From the beginning, Scarlet was a little different. The namesake scars she bore on her dorsal fin led to speculation that she had a difficult birth.

J50 Scarlet, her scars clearly visible, as she surfaces next to big brother J26 Mike
She also roamed a lot - away from mom further and younger than we see from other calves. Even at less than a year old it was not uncommon to see her all by herself.

J50 Scarlet trailing way behind the rest of her family when less than a year old in 2016
She also didn't seem to be growing properly - while whales of a similar age like J51 Nova were gaining length and girth, Scarlet remained a petite whale, both slender and short. When I saw J-Pod in March of 2018, however, she still looked good. But when J-Pod returned in June, she had the beginning signs of peanut head, showing undernourishment. Experts thought she probably had weeks to live. But the weeks ticked by, and she hung on.

Scarlet's story took center stage when J35 Tahlequah brought international attention to the plight of the Southern Residents by carrying her deceased calf for 17 days in July and August. Suddenly, there was a renewed interest in trying to "rescue" Scarlet, and what unfolded in the following weeks was a media frenzy as researchers tried to diagnose what was wrong with her by taking breath and fecal samples, treated her by darting her with antibiotics and deworming medication, attempted to feed her by releasing salmon down a chute off a boat, and laid plans to go as far as capturing her if needed. While the debate raged over whether or intervene or leave her alone, she somehow still swam on, despite her condition continuing to deteriorate.

Scarlet, who by all rights should have had weeks to live at this point with pronounced peanut head, lived for months.
She was a swimming bag of bones at the end, and it came as a surprise to no one who had been observing her when she disappeared. The circus still wouldn't come to an immediate end, however, as a helicopter search continued for several days after her disappearance until it was fully acknowledged she was deceased. Regardless of which side of the intervention debate you were on, there was no arguing that, either directly or indirectly, we had failed her.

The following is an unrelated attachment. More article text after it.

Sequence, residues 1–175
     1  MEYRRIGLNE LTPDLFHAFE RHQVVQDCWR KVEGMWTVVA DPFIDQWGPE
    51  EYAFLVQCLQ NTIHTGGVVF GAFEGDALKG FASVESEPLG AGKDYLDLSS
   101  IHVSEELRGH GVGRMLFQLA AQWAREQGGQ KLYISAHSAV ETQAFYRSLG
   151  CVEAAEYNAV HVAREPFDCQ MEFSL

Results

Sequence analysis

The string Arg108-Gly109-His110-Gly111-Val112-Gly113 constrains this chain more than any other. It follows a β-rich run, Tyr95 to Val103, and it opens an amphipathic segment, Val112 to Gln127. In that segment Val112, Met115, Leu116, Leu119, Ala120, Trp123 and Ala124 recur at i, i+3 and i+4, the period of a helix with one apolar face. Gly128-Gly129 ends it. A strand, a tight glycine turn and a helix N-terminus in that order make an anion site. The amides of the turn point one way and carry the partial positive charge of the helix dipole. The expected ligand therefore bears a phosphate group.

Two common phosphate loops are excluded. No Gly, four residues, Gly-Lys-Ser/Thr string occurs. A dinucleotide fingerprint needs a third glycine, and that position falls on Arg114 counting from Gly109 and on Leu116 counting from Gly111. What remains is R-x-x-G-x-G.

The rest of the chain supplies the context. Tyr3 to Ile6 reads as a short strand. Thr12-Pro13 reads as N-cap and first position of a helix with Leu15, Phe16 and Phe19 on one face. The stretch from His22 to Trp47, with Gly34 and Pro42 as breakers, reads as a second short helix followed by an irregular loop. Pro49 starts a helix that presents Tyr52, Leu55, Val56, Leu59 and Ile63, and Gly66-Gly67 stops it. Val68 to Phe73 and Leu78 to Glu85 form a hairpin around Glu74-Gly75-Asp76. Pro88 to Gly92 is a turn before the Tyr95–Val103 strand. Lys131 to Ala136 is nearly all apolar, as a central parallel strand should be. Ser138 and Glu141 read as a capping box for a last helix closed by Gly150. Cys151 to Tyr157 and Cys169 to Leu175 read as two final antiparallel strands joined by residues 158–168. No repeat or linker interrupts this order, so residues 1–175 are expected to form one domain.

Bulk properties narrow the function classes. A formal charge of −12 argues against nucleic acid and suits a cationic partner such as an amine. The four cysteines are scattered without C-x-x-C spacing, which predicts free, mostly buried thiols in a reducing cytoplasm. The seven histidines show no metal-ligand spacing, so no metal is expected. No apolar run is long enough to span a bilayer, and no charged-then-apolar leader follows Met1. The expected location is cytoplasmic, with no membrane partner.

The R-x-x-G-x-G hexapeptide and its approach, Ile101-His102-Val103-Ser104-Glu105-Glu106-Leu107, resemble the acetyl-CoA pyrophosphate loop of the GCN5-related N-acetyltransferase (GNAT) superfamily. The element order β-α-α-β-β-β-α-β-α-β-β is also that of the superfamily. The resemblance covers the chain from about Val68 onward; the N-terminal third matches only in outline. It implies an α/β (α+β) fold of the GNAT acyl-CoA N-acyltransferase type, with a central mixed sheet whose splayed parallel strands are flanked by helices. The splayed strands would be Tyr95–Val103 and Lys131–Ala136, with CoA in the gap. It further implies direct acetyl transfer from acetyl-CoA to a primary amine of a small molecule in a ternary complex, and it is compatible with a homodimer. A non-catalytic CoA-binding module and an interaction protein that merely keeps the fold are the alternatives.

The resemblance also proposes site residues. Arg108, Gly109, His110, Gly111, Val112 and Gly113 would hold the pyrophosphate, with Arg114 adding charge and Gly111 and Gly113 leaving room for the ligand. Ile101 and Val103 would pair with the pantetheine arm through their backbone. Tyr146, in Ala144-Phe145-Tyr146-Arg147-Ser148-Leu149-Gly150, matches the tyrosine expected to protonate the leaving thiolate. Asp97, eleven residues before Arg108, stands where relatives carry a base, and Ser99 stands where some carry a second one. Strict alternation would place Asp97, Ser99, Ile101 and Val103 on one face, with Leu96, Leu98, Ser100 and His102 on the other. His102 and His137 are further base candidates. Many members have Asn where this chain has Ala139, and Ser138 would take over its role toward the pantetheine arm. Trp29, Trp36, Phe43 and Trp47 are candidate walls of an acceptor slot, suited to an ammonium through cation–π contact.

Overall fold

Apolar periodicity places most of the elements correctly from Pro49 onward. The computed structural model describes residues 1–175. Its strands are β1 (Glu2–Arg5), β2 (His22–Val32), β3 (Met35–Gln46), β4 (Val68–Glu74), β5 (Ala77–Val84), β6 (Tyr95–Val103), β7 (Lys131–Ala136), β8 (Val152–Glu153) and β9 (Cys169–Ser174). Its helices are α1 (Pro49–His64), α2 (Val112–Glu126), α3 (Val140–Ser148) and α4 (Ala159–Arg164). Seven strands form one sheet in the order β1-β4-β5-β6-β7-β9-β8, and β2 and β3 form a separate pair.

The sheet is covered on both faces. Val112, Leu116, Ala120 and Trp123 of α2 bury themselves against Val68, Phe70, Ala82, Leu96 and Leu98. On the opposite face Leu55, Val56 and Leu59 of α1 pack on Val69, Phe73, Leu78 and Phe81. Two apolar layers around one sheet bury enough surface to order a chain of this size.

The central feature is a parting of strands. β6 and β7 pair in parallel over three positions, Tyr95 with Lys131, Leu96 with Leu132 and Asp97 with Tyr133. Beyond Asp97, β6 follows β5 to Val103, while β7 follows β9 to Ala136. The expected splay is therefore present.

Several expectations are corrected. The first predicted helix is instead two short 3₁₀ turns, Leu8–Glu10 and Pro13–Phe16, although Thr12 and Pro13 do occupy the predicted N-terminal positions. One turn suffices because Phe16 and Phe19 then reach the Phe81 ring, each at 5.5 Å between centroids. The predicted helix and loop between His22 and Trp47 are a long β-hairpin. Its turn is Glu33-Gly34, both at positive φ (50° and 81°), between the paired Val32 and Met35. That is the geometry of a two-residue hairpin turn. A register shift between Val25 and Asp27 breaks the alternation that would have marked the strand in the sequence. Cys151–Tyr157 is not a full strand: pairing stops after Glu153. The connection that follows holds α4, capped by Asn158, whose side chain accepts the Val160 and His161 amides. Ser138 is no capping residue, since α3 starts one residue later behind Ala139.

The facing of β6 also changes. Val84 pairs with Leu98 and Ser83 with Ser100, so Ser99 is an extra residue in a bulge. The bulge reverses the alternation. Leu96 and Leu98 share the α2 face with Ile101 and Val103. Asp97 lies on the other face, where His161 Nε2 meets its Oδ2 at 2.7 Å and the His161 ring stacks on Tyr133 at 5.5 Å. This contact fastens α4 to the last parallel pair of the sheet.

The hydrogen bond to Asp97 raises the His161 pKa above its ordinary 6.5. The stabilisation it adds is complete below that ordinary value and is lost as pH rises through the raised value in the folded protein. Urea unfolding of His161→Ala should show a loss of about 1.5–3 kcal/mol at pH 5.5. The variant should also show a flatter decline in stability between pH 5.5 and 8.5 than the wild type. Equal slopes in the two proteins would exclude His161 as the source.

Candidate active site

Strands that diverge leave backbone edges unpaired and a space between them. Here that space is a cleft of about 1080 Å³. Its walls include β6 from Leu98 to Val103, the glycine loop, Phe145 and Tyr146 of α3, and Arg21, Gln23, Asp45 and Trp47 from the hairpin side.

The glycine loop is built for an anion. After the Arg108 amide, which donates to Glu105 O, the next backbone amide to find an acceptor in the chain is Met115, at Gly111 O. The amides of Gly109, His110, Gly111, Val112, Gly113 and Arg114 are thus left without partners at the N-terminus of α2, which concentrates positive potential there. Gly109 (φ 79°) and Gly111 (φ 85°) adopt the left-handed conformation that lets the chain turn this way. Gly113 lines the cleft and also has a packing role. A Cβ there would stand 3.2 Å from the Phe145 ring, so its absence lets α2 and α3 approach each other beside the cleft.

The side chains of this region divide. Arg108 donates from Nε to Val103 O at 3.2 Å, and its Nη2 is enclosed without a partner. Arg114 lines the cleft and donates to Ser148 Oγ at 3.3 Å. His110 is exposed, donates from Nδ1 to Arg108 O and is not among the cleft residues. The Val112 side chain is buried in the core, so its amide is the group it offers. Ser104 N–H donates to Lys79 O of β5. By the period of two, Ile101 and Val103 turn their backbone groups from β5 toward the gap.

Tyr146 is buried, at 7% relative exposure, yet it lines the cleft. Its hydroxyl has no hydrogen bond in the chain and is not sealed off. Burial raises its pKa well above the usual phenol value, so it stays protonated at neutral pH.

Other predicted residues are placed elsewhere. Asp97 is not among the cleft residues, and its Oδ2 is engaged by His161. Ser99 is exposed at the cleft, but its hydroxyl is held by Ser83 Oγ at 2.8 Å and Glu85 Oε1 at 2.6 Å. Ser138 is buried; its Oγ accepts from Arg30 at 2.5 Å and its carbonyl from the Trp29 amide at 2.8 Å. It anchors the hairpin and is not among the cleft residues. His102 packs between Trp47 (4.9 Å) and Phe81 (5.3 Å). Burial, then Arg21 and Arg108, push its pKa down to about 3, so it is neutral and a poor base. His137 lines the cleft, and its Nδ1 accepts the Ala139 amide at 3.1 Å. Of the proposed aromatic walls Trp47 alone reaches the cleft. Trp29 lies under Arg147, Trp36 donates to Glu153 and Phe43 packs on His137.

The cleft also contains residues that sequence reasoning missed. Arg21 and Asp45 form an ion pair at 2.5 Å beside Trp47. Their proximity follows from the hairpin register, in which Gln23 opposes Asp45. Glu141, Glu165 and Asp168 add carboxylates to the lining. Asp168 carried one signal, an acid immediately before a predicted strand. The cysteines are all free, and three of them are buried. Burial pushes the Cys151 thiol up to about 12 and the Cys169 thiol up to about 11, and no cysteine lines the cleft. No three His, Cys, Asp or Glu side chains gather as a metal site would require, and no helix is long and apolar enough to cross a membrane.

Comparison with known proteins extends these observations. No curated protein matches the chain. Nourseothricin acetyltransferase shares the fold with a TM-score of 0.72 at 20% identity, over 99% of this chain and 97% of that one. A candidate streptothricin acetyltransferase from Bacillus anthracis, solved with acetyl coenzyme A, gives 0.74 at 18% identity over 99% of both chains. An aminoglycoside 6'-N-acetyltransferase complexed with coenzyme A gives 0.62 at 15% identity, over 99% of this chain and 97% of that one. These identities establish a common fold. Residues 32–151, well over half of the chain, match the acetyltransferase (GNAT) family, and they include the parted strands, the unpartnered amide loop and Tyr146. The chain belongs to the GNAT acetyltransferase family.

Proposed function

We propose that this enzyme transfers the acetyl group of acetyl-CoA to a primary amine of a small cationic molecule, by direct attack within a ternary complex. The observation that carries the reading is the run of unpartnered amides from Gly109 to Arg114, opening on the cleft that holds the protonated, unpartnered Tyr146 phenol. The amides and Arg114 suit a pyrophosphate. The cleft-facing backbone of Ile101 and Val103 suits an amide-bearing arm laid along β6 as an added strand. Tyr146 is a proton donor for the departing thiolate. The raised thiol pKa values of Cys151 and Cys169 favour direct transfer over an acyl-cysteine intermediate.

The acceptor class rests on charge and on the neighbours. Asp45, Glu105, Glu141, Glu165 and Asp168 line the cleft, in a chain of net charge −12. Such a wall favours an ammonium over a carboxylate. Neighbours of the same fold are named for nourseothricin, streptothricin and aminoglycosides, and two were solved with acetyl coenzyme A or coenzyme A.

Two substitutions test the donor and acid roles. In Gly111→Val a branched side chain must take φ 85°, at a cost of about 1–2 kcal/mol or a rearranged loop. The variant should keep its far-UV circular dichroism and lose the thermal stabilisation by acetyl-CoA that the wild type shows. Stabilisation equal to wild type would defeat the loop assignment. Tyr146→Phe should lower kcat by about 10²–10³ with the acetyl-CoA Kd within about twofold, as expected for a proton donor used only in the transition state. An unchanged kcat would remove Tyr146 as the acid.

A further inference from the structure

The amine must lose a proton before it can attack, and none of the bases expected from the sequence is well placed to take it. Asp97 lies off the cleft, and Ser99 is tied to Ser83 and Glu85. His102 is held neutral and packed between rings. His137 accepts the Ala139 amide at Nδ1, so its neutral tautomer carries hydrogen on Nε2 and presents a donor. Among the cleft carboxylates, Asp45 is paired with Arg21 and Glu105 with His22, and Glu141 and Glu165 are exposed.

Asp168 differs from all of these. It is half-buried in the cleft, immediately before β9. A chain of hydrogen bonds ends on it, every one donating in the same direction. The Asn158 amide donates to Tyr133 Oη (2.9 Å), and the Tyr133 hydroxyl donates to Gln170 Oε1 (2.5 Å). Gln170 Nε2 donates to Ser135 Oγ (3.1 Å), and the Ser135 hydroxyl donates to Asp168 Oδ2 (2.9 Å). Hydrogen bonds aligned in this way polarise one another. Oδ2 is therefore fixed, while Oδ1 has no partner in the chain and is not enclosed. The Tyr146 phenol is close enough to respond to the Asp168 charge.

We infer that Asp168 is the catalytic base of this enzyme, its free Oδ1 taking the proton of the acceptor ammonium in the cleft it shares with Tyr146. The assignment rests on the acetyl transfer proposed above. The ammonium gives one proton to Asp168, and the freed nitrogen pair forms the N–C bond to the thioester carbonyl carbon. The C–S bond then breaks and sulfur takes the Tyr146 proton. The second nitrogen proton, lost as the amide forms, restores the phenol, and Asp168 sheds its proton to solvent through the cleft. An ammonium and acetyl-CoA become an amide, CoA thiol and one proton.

Scarlet became the latest of the baby boom calves to die, leaving just five survivors from that incredible year. It was just three years ago, but it is already hard to recall what it's like to have a healthy, active newborn in the population. It's now been over 3 years since the last successful birth. Population down to 74.

J35's Calf

I often end these posts with acknowledgment of the new whales that have joined the ranks of the Southern Residents, but for the third year in a row, there are no more to add. It's also impossible to write about the whales we lost this summer without mentioning the deceased neonate J35 Tahlequah carried around for an incredible 17 days. As a grieving mother, Tahlequah made an incredible statement that resonated around the globe.

J35 Tahlequah during her 17 day vigil

A closer look at this photo shows you the tail fluke of the neonate Tahlequah was carrying, barely visible as a black triangle against her black head. After pushing her calf with her rostrum for several days, she switched to carrying it by the pectoral fin, with the body draped around her mouth.

So much more could be said about her vigil and the emotion and activism it inspired, but to put it simply, it has reignited my dedication to not only the living whales but to the next generation of Southern Residents. We have learned about the incredible rate of failed pregnancies among Southern Residents in recent years, while meanwhile the thriving transient killer whale population has had something like 90% survivorship of calves. My goal is that Tahlequah and all the other future moms will not have to go through this again. And so, we fight on.